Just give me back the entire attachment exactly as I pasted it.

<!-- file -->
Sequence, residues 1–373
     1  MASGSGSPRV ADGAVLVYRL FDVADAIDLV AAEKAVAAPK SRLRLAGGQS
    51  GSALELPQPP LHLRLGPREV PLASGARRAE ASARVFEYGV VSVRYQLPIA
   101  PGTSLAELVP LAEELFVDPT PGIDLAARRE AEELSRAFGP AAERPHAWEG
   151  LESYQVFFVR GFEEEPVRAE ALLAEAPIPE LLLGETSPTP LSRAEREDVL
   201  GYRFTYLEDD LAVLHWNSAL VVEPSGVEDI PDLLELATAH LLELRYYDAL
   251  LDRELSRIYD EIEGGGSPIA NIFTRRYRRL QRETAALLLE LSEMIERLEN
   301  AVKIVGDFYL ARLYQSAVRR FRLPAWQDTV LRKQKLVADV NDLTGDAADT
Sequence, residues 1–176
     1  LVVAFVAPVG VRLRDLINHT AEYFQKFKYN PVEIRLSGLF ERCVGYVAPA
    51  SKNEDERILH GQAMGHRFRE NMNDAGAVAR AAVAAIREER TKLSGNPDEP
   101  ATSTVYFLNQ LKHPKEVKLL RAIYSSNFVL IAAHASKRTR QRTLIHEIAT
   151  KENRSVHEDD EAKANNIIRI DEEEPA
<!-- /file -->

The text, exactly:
Sequence, residues 1–373
     1  MASGSGSPRV ADGAVLVYRL FDVADAIDLV AAEKAVAAPK SRLRLAGGQS
    51  GSALELPQPP LHLRLGPREV PLASGARRAE ASARVFEYGV VSVRYQLPIA
   101  PGTSLAELVP LAEELFVDPT PGIDLAARRE AEELSRAFGP AAERPHAWEG
   151  LESYQVFFVR GFEEEPVRAE ALLAEAPIPE LLLGETSPTP LSRAEREDVL
   201  GYRFTYLEDD LAVLHWNSAL VVEPSGVEDI PDLLELATAH LLELRYYDAL
   251  LDRELSRIYD EIEGGGSPIA NIFTRRYRRL QRETAALLLE LSEMIERLEN
   301  AVKIVGDFYL ARLYQSAVRR FRLPAWQDTV LRKQKLVADV NDLTGDAADT
Sequence, residues 1–176
     1  LVVAFVAPVG VRLRDLINHT AEYFQKFKYN PVEIRLSGLF ERCVGYVAPA
    51  SKNEDERILH GQAMGHRFRE NMNDAGAVAR AAVAAIREER TKLSGNPDEP
   101  ATSTVYFLNQ LKHPKEVKLL RAIYSSNFVL IAAHASKRTR QRTLIHEIAT
   151  KENRSVHEDD EAKANNIIRI DEEEPA